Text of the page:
Australian airspace hit by Chilean ash cloud
Australia’s flagship airline, Qantas, has been forced to suspend all flights to and from Canberra, Adelaide and Sydney because ash cloud from the Chilean volcano has drifted.
The ash cloud from the Puyehue volcano, which erupted on 4 June, has once again moved into Australian airspace and is currently sitting at the same altitude that planes fly.
It was the first time since 1960 that the volcano has erupted and forced the evacuation of more than 4,000 people living in the area.
In the meantime, international services to and from Sydney, including flights to London, are being assessed.
However, other airports which are affected include Port Lincoln, Albury, Wagga, Newcastle and Mildura.
Virgin Australia has also been forced to cancel all flights in and out of airports, while budget airline Jetstar has had to cancel several flights.
The news comes less than a month after ash cloud drifted over Scotland from Iceland’s Grimsvotn volcano, resulting in flight cancellations.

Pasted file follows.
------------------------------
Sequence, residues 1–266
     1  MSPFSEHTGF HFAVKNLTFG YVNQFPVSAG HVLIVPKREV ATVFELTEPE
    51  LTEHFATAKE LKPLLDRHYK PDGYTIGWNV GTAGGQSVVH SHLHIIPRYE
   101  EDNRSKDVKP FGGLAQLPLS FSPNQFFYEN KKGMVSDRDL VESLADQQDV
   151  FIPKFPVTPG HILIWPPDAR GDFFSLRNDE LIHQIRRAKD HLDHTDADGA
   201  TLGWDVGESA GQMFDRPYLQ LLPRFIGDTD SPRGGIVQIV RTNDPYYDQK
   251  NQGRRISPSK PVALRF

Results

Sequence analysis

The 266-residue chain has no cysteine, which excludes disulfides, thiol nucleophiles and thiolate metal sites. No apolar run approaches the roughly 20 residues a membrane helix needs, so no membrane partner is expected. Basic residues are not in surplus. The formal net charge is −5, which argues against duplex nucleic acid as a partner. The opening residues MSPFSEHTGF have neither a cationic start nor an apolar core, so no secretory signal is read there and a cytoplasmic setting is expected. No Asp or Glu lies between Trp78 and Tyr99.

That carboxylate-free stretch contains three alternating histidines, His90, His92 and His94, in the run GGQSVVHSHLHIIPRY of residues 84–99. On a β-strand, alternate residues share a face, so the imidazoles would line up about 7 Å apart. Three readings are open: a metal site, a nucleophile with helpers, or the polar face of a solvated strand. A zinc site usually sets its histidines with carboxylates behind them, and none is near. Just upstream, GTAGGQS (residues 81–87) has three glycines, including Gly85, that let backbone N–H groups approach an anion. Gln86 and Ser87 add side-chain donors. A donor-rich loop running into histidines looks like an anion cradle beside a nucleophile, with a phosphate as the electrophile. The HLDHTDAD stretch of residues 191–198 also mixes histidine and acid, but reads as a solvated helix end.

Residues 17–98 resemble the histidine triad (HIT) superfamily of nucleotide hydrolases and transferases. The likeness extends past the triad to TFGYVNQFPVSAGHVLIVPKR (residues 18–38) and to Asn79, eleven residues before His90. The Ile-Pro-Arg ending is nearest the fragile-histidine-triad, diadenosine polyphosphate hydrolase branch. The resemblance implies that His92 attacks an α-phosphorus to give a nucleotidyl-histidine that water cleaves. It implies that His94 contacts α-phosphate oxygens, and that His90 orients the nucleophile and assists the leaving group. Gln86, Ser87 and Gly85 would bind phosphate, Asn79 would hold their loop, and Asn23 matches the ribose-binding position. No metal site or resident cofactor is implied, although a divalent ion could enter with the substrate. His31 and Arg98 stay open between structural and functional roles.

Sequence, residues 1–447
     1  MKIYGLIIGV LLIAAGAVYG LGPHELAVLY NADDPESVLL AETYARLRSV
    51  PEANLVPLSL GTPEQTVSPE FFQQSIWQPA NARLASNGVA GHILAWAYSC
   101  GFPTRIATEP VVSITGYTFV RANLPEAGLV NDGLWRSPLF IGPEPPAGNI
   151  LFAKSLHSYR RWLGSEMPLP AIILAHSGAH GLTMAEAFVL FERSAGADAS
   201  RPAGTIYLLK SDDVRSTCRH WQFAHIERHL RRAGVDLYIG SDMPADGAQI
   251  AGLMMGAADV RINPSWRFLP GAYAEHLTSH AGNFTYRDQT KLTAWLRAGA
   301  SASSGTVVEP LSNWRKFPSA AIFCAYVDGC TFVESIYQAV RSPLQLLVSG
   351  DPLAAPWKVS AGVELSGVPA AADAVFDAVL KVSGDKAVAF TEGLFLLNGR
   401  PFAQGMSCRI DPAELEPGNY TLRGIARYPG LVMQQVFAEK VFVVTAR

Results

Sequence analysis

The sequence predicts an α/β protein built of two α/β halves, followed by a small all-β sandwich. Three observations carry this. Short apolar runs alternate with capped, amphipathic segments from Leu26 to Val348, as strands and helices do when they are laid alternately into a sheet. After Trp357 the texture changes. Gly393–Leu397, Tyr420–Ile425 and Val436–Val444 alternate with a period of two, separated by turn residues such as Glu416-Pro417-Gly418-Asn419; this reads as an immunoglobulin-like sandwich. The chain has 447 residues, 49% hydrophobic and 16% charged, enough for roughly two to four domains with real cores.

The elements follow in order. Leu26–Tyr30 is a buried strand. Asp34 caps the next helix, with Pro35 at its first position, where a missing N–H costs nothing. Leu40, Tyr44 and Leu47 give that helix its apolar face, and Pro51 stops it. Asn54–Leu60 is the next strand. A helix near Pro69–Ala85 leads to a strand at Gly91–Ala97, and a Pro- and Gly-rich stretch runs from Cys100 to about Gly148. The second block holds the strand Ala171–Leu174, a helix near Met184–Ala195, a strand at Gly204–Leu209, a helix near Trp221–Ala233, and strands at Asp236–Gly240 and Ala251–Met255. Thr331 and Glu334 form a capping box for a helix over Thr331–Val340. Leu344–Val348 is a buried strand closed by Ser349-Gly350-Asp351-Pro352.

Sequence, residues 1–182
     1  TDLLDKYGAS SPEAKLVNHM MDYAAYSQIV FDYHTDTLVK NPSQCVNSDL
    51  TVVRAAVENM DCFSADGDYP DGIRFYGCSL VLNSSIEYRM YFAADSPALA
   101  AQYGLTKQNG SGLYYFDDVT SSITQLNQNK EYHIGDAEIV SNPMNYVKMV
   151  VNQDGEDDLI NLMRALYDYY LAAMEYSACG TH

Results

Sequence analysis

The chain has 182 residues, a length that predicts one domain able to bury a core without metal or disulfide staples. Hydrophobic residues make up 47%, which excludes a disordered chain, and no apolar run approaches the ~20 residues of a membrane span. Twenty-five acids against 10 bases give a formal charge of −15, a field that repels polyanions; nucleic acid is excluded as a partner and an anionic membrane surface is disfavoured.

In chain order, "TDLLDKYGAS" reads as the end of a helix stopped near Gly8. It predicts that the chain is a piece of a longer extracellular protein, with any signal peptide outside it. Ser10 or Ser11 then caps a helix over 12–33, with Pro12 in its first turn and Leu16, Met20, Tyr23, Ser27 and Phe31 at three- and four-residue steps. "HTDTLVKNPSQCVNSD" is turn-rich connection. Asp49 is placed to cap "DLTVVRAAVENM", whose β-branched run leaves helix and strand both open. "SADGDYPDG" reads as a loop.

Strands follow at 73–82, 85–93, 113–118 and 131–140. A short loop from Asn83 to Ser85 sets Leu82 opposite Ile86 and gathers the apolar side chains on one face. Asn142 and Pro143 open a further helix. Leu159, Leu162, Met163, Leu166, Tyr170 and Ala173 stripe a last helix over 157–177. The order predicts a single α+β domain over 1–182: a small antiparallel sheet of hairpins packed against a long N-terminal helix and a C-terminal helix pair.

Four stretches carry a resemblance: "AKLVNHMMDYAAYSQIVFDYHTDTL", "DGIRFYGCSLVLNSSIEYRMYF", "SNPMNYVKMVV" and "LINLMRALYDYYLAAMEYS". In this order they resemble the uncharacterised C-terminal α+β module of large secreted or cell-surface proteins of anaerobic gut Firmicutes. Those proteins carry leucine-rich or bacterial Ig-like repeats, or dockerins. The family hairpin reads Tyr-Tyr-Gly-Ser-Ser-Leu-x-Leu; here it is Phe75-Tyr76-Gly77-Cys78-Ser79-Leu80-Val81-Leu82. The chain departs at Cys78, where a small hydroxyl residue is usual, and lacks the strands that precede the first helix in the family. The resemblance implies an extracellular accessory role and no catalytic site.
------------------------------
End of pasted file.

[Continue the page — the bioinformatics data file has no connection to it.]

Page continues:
Furthermore, in April 2010, another Icelandic volcano located under the Eyjafjallajokull glacier about 100 miles east of capital Reykjavik, led to the closure of airspace.
While a few days of disruption would cause limited impact, if it goes on for several weeks, it can have significant disruption and impact on an economy.
Australia’s economy is already struggling after recent figures showed GDP contracted in the first quarter after flood and cyclone disasters led to a fall in coal and agricultural exports.
The economy contracted by 1.2% in the January to March period – the first time growth has fallen since the final quarter of 2008 – at the height of the financial crisis.